EVERY DAY IS A GOOD DAY AT CASA PV!
Examining Your Own Attitudes About Age
by Virginia Bola, PsyD
A common complaint of the mature is that, in American society, there is far too much focus on youth. We collectively spend a fortune on attempting to look younger and fighting the natural results of gravity, sun exposure, and the poisons that have seeped into our bodies through years of unhealthy eating, drinking, smoking, lack of exercise, and self-neglect.
"Getting old is the pits" we are wont to mumble as we get up slowly from the floor, recalling how we used to spring upright without a second thought. We feel more secure in lower heels and often forget the principles of good posture, our shoulders rounding forward into an aging stoop.
We walk past a shop window and are shocked by the figure we see: "That can't be me. It's my mother (father)!"
We can fight the biological ravages of aging only so far. Depending upon our budget, we can buy anti-aging creams, vitamins, cover-ups, special makeup, have HGH injections at a few thousand dollars a shot, or a complete makeover by an exclusive (and expensive) plastic surgeon. Some of us, despite the desire for eternal youth, settle into our senior years overweight, wrinkled, stooped over, but content.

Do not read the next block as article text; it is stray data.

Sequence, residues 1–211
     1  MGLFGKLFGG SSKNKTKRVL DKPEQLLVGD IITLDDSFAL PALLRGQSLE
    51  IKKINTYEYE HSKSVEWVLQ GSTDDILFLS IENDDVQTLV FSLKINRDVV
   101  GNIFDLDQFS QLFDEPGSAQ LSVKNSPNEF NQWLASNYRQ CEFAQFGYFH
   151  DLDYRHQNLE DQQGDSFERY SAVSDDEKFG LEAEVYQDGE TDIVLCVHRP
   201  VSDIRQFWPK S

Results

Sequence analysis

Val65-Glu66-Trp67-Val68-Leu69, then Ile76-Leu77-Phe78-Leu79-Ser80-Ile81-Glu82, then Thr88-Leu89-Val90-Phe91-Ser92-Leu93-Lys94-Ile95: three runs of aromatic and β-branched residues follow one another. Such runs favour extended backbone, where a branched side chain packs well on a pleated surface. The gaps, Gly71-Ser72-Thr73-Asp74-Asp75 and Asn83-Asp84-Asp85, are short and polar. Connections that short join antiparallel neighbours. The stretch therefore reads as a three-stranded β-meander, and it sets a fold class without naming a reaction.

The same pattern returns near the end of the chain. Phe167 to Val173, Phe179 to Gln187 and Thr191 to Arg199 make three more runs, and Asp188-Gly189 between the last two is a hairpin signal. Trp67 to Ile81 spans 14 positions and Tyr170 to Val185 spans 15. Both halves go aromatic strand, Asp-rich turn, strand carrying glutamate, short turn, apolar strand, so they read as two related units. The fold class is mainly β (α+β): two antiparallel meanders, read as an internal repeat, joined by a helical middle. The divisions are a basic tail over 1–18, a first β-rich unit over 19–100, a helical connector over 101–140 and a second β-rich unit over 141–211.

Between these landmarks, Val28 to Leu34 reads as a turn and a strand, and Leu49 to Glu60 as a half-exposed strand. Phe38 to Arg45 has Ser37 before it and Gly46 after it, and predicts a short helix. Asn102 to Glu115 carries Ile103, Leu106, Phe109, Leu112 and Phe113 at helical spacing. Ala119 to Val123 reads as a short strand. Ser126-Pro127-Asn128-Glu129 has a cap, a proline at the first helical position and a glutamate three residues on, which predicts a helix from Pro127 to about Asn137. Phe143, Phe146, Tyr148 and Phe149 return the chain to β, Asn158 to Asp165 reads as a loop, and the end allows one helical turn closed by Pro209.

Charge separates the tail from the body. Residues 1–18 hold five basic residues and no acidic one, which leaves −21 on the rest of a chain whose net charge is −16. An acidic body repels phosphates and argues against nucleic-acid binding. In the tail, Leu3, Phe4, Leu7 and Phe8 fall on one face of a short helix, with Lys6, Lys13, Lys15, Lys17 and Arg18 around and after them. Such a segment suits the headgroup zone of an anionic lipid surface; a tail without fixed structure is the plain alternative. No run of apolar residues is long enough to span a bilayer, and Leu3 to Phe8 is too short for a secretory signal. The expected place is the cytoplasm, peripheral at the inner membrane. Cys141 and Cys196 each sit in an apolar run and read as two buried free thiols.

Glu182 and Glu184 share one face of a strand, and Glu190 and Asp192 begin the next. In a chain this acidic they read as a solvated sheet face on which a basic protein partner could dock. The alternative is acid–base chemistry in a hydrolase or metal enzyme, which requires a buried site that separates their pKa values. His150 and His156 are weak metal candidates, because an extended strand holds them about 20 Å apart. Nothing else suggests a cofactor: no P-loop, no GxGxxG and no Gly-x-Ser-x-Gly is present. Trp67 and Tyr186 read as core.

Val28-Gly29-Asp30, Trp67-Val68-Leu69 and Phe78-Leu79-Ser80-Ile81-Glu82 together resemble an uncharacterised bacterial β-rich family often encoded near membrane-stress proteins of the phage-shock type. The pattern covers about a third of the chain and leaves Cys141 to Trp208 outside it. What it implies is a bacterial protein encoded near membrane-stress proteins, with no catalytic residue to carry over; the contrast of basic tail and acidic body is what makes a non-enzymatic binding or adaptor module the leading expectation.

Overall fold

If we have limits on what we can do to look physically young, we have an unlimited ability to think young. If we progress into maturity with a positive attitude about aging, we can make sure that we are as productive, attractive, and youthful as our bodies allow. No, we will not have the taut unlined skin of our teens and twenties, nor the athletic energy we recall so fondly, but we will maintain our self-respect, our pride, and a vital sense of our own value.
How many of the following negative attitudes have you already unconsciously adopted?
"Getting older means I can't be active anymore."